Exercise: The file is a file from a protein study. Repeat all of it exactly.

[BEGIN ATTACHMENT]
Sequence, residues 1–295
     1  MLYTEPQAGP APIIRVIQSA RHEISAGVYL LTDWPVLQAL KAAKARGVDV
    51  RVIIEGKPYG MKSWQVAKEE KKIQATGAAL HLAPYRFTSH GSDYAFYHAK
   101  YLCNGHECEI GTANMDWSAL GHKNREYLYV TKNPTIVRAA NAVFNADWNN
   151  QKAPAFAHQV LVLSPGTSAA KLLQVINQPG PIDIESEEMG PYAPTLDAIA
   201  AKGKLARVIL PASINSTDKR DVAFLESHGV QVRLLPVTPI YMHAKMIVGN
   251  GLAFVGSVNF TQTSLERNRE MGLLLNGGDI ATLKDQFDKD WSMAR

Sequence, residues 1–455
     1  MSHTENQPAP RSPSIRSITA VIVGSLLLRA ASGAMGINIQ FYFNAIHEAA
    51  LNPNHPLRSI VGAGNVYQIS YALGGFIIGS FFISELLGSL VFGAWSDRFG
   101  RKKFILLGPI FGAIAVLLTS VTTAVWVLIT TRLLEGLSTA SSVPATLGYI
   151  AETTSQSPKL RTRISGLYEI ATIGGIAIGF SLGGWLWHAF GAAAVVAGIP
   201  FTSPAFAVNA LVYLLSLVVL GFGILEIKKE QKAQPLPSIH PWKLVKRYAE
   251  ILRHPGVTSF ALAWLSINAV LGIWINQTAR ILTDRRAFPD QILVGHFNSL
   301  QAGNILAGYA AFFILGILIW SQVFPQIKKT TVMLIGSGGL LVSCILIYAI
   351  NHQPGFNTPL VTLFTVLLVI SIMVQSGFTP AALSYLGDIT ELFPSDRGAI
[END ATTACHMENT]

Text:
Sequence, residues 1–295
     1  MLYTEPQAGP APIIRVIQSA RHEISAGVYL LTDWPVLQAL KAAKARGVDV
    51  RVIIEGKPYG MKSWQVAKEE KKIQATGAAL HLAPYRFTSH GSDYAFYHAK
   101  YLCNGHECEI GTANMDWSAL GHKNREYLYV TKNPTIVRAA NAVFNADWNN
   151  QKAPAFAHQV LVLSPGTSAA KLLQVINQPG PIDIESEEMG PYAPTLDAIA
   201  AKGKLARVIL PASINSTDKR DVAFLESHGV QVRLLPVTPI YMHAKMIVGN
   251  GLAFVGSVNF TQTSLERNRE MGLLLNGGDI ATLKDQFDKD WSMAR

Sequence, residues 1–455
     1  MSHTENQPAP RSPSIRSITA VIVGSLLLRA ASGAMGINIQ FYFNAIHEAA
    51  LNPNHPLRSI VGAGNVYQIS YALGGFIIGS FFISELLGSL VFGAWSDRFG
   101  RKKFILLGPI FGAIAVLLTS VTTAVWVLIT TRLLEGLSTA SSVPATLGYI
   151  AETTSQSPKL RTRISGLYEI ATIGGIAIGF SLGGWLWHAF GAAAVVAGIP
   201  FTSPAFAVNA LVYLLSLVVL GFGILEIKKE QKAQPLPSIH PWKLVKRYAE
   251  ILRHPGVTSF ALAWLSINAV LGIWINQTAR ILTDRRAFPD QILVGHFNSL
   301  QAGNILAGYA AFFILGILIW SQVFPQIKKT TVMLIGSGGL LVSCILIYAI
   351  NHQPGFNTPL VTLFTVLLVI SIMVQSGFTP AALSYLGDIT ELFPSDRGAI